The basis of the lovely craft called embroidery
Who does not know what embroidery is? Lovely thread work, that enhances the look of the saree and the wearer as well. It has many forms from the ordinary to the miniature to the very exquisite.
Embroidery or decorative needlework is usually done on fabrics like the salwar kameez and the saree, often of a picture or pattern, to heighten the appeal and has been ardently practised since traditional times in various forms in different parts of India.
Handcrafted embroidery is exclusive and a treasured art since it is painstaking, time consuming, and a lot of care and dedication is put in by ethnic practitioners into the work, resulting in flawless creations of exquisite beauty. Machine worked embroidery does take care of immediate need and reduces effort, but the hand-executed craft has no parallel as an art that requires skill, concentration and imagination to bring out the best in an offering.
So what exactly forms the basis on which this art has been structured so that it gives visual delight as well as provides opportunity to excel in creativity?
The 5 main factors that influence embroidery work
1 Design of the embroidery
2 Materials and equipment used for embroidery OR tracing method
4 Colour scheme
5 Placement and purpose of the embroidered project
- Design of the embroidery
What does one do at the start of the embroidering exercise? Have a design to follow. So one could either do a design as a freehand drawing on the fabric or one could transfer the design on to a sheet of paper and then transfer to fabric by one of three popular methods.
The design that you choose could be from a work of art, a pictorial book, or if you envisage something of your own, all the better. There is always something about the novel or something that others would not have seen that makes it catch the eye.
And what about the subjects you wish to choose?
The quite popular and chosen are from nature – flowers, fruits, vegetables and even scenes from nature and everyday life. Then you have the geometrical shapes, easy-to-do designs and border designs that stand on their own or could be along with other motifs. There is no dearth of subjects as long as one is willing to be enterprising enough to strike out.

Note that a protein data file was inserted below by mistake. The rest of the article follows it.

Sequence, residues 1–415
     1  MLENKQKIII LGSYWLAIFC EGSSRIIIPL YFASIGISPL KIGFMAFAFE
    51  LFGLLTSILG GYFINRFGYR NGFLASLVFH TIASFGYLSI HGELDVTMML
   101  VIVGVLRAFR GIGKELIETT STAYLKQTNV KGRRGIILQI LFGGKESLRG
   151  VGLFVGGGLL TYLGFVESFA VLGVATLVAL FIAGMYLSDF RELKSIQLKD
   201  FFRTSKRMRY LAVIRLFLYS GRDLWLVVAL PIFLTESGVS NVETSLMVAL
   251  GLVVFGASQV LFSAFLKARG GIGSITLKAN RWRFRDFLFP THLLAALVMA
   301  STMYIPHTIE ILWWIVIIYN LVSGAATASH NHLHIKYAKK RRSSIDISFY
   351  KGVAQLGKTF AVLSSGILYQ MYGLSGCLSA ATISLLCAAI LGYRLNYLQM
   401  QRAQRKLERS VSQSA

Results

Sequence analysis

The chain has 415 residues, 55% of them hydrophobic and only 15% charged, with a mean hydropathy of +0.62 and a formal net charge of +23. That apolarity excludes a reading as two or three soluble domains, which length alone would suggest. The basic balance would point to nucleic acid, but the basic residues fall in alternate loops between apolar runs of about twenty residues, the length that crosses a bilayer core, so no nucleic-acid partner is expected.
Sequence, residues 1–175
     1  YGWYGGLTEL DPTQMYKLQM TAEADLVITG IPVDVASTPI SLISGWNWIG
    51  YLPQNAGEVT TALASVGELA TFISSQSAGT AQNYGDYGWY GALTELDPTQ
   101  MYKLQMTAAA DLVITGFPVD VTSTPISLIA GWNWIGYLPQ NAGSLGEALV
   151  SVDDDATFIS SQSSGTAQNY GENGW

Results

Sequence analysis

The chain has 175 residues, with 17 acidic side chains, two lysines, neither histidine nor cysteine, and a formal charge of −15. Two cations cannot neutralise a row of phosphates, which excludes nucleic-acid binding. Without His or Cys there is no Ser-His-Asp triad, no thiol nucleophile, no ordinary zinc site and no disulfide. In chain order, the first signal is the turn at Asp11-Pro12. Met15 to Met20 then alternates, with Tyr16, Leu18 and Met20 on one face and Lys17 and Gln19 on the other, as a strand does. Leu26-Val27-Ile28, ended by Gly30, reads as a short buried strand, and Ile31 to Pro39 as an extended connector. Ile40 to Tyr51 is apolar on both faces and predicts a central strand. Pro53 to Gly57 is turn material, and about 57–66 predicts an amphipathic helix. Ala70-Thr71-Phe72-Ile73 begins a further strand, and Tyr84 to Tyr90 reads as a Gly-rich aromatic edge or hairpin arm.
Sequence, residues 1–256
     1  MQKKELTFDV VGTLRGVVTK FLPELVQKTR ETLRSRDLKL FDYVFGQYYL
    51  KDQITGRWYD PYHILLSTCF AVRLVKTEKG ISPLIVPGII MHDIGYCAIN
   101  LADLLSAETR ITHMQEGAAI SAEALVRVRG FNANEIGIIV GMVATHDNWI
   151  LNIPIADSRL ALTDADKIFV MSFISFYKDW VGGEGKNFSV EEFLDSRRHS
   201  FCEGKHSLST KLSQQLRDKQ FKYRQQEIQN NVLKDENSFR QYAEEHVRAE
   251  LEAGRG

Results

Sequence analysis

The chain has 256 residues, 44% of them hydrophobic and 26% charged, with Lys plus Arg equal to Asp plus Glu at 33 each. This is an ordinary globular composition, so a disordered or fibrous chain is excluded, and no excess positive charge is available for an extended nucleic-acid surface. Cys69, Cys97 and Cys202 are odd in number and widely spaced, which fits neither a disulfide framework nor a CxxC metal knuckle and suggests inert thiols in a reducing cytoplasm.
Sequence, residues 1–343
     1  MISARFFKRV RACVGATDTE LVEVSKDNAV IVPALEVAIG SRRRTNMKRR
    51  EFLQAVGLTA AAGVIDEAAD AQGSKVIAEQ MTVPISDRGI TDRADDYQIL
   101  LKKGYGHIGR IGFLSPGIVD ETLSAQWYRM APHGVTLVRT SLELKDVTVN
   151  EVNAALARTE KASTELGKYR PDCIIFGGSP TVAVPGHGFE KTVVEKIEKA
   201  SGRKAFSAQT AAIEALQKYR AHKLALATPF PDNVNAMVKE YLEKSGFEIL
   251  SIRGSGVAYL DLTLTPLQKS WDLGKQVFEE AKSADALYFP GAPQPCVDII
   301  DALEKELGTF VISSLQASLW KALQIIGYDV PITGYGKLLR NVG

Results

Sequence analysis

There are some who start with traditional designs then branch out on their own so that it gives something afresh. The original stays alive, something new takes birth.
Now how do we put the design on the fabric?
Like mentioned above, one is drawing directly on the fabric and then putting the stitches over them. This requires a confident and steady hand for the purposes of symmetry. The easier way would be to transfer the design onto the fabric and then put the embroidery stitches on them.
Transferring embroidery patterns to fabric doesn’t have to be difficult at all, but there are a variety of methods to choose from. The texture and thickness (and colour) of your fabric will often dictate which transfer method you use, as well as the materials you may have on hand.
The three main methods of transferring your embroidery pattern to your fabric are tracing, transfer, and using a stabilizer.
2. Tracing method
The tracing method is easiest to do especially on smooth and light colored fabric. The first step is to trace it onto paper or tracing paper. If the fabric is fine enough, you might be able to place your fabric directly over your paper pattern and start tracing.
A light source behind the embroidery pattern makes it easier to see through your fabric. You could tape your pattern to a bright window, then tape your fabric over top.
For the tracing method, there are a variety of tools. Water soluble pens, pencils all work well. Do check your transfer method before marking up your entire fabric though, as there is the possibility of marks not erasing fully or coming back. With pencil, it’s recommended to draw lightly, just hard enough to be able to see your lines.
An alternative to tracing your pattern directly onto your fabric is to transfer your design. You can use tracing paper to first trace your embroidery pattern then re-draw the lines with the pen/pencil on the back.